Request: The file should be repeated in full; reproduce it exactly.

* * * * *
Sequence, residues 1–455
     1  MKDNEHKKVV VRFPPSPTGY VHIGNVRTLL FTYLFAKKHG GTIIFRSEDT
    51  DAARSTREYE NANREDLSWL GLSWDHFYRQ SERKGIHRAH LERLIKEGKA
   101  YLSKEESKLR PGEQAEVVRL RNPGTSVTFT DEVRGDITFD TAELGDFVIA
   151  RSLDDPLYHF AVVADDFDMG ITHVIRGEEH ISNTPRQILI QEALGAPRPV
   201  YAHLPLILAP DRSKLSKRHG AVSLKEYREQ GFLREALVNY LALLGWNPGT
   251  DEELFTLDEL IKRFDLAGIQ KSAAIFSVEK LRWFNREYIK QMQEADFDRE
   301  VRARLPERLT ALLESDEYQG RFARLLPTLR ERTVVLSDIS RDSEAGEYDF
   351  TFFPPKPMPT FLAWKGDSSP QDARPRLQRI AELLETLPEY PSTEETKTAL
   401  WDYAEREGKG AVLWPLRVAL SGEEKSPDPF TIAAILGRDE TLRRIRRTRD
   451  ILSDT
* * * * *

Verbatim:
Sequence, residues 1–455
     1  MKDNEHKKVV VRFPPSPTGY VHIGNVRTLL FTYLFAKKHG GTIIFRSEDT
    51  DAARSTREYE NANREDLSWL GLSWDHFYRQ SERKGIHRAH LERLIKEGKA
   101  YLSKEESKLR PGEQAEVVRL RNPGTSVTFT DEVRGDITFD TAELGDFVIA
   151  RSLDDPLYHF AVVADDFDMG ITHVIRGEEH ISNTPRQILI QEALGAPRPV
   201  YAHLPLILAP DRSKLSKRHG AVSLKEYREQ GFLREALVNY LALLGWNPGT
   251  DEELFTLDEL IKRFDLAGIQ KSAAIFSVEK LRWFNREYIK QMQEADFDRE
   301  VRARLPERLT ALLESDEYQG RFARLLPTLR ERTVVLSDIS RDSEAGEYDF
   351  TFFPPKPMPT FLAWKGDSSP QDARPRLQRI AELLETLPEY PSTEETKTAL
   401  WDYAEREGKG AVLWPLRVAL SGEEKSPDPF TIAAILGRDE TLRRIRRTRD
   451  ILSDT